Feed off that is exactly what the other Eagle defenders did. The Bears entered the game as the second-highest scoring offense in the league, trailing only the Denver Broncos.
"They recommitted themselves to step up and take on the challenge of really the most talented offense what we've faced," Davis said. "Denver is really talented, but with those weapons (on Chicago), I thought that our corners did a great job of handling them one-on-one and pressing them at the line. The defensive line got some pressure and our linebackers on the inside – Mychal (Kendricks) had a couple of sacks. The guys really just came to play with an attitude and a determination, and it worked out."
According to cornerback Brandon Boykin, who stepped up big with a 54-yard interception return for a touchdown, the Eagles defense needed this performance to wash the taste of the Minnesota game out of their mouths.
"We came back and redeemed ourselves," Boykin said. "It was a rough game and we gave up a lot of plays last week. We weren't proud about that. We came back Tuesday and prepared hard and practiced like it was game conditions all week. It was game tempo and game speed, knowing the receivers that they had. We wanted to take them out of the game, and I think we did a good job."
"I think we've grown," Cary Williams agreed. "Progressively, each and every week we've gotten better. We've had some letdowns like last week, but we look to improve on those things. We learned from those mistakes, we got better this week, and we look to continue to get better."
Williams, like Cole, is one of the leaders in the locker room, part of a veteran group that sets the tone. This week, that leadership manifested in the form of challenging each and every player on the defense to show that the progress it had made since the Broncos game was no fluke – that the Vikings game was the fluke.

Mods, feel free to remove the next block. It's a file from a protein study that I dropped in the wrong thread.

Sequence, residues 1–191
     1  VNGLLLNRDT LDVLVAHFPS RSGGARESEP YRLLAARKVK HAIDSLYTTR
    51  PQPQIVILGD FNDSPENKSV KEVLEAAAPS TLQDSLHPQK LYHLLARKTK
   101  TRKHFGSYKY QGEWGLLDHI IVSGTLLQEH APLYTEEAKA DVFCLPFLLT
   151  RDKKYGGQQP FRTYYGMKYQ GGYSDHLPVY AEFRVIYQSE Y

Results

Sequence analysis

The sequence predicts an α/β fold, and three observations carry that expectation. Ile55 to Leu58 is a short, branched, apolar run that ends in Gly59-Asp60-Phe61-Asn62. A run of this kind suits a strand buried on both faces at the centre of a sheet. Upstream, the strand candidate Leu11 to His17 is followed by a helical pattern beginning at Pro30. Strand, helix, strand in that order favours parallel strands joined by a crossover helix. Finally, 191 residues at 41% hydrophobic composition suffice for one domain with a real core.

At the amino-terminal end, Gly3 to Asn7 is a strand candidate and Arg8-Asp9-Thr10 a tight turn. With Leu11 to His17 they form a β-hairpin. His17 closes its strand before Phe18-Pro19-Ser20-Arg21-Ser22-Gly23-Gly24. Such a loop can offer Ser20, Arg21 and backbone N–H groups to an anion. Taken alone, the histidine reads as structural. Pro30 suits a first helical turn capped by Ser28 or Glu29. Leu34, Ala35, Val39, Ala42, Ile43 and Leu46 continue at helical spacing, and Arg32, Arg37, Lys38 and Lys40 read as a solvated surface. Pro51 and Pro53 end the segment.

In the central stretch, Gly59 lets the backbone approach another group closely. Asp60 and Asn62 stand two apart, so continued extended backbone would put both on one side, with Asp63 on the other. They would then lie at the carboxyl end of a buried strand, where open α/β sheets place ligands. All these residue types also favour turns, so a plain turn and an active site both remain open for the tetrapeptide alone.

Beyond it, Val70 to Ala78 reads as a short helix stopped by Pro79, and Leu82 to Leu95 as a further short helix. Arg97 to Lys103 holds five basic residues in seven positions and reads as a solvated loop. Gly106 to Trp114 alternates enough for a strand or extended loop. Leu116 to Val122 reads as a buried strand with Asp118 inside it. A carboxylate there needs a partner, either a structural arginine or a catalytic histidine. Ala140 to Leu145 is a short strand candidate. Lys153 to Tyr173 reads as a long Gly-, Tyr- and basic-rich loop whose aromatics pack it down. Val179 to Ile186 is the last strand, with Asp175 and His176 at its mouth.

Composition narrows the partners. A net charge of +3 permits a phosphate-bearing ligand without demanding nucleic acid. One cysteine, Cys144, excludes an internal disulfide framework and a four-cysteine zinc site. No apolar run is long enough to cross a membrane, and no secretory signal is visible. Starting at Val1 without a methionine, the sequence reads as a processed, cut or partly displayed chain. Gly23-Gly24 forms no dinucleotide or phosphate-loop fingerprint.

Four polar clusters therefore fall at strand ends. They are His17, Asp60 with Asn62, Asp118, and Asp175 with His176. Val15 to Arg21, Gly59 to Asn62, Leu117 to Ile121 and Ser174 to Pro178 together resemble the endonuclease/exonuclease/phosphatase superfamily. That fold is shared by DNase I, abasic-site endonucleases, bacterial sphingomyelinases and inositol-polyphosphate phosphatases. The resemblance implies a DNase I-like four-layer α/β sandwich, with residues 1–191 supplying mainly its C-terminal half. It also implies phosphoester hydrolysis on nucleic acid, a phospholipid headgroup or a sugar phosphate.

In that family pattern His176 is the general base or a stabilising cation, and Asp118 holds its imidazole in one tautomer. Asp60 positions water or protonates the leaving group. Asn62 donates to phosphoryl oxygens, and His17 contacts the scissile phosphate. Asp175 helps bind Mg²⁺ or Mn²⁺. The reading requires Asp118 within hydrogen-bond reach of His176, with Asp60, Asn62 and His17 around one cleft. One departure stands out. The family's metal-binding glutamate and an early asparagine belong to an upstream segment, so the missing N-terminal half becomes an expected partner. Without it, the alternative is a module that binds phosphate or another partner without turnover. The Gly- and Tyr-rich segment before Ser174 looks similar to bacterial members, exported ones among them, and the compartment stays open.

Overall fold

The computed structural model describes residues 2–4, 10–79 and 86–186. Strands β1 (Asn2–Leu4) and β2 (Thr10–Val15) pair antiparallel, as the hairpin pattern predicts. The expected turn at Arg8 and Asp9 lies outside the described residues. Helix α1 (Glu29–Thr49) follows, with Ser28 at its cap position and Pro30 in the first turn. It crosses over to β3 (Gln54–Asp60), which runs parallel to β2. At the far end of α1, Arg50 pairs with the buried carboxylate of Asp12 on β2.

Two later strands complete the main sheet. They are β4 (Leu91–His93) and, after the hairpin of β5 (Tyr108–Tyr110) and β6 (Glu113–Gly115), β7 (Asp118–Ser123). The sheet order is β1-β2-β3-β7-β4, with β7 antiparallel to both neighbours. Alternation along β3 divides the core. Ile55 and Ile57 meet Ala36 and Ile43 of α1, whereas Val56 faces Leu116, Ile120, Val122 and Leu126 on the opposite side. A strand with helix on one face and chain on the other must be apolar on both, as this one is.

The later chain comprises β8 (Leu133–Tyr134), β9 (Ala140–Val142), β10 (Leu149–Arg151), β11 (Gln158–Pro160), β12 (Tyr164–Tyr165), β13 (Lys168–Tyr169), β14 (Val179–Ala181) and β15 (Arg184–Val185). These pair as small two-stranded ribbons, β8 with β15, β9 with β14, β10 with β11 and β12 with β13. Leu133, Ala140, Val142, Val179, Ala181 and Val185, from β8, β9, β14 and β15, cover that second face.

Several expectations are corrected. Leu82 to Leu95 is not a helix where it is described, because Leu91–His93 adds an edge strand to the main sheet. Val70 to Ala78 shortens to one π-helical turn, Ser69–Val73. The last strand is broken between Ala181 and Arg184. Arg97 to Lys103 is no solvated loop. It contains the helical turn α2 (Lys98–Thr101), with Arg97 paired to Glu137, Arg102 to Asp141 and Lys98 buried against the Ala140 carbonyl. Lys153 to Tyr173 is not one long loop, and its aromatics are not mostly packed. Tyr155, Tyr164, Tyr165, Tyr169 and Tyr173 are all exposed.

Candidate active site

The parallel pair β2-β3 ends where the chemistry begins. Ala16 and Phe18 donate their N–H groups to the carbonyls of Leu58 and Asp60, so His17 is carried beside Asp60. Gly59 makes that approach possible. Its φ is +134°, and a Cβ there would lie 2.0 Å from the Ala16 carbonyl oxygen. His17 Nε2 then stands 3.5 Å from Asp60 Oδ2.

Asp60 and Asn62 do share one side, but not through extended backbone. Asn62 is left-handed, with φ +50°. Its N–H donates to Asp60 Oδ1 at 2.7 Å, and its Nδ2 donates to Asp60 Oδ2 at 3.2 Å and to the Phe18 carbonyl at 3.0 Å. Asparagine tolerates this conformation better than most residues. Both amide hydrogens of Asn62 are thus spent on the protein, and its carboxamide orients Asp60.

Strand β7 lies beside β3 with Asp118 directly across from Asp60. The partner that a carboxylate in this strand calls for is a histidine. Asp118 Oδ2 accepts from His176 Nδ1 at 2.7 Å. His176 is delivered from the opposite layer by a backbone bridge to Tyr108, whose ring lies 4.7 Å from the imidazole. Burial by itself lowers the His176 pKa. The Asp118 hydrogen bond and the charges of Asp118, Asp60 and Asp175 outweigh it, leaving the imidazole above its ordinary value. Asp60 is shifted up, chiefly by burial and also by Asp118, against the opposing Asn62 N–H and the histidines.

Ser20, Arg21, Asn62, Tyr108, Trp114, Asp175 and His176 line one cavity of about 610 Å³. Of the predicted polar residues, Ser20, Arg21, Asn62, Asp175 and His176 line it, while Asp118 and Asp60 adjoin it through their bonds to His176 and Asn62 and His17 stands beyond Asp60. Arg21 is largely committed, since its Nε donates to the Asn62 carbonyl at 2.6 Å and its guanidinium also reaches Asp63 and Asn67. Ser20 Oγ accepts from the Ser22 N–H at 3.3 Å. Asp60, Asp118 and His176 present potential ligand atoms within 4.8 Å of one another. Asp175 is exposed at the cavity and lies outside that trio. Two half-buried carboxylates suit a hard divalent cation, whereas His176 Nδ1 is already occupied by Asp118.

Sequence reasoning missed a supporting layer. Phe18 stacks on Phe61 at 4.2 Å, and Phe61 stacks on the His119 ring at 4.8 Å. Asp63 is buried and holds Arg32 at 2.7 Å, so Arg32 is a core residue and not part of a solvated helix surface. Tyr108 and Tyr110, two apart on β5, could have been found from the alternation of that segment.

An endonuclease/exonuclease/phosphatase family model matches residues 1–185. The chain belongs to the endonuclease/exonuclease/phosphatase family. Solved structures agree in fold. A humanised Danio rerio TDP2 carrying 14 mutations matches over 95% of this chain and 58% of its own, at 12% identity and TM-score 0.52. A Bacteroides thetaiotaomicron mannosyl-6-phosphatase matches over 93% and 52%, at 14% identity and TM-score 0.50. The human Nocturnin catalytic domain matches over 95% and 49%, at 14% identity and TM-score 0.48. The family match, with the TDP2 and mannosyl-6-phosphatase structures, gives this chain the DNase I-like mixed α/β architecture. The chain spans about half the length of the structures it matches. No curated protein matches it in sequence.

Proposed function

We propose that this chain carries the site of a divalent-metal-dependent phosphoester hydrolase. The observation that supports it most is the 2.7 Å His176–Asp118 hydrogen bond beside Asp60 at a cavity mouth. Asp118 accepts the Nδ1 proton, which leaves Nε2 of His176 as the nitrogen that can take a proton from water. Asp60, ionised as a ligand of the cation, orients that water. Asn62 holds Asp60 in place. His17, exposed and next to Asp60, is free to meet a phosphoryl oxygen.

"It's a great sign," Davis said of how the defense bounced back in dominated the Bears. "It's a testament to our leadership. Our leaders in the locker room are really doing a fantastic job keeping us on edge, keeping the guys ready and preparing. They're the hardest workers. I think the leadership from the players' standpoint really stepped up and made a difference this week."
After Sunday's stout defensive effort, the team's playoff hopes now rest on one last game, one final meeting with the Dallas Cowboys. The opportunity is there, and now it's up to the Eagles to take advantage of it.
"You really couldn't (script a better scenario)," said Boykin. "I think this is what everybody wanted, and for whatever reason, it happened like this. It's going to be an exciting game for sure. It's going to be one to definitely remember, and we have to go and shift our focus and come out with the same mentality and focus to get the job done."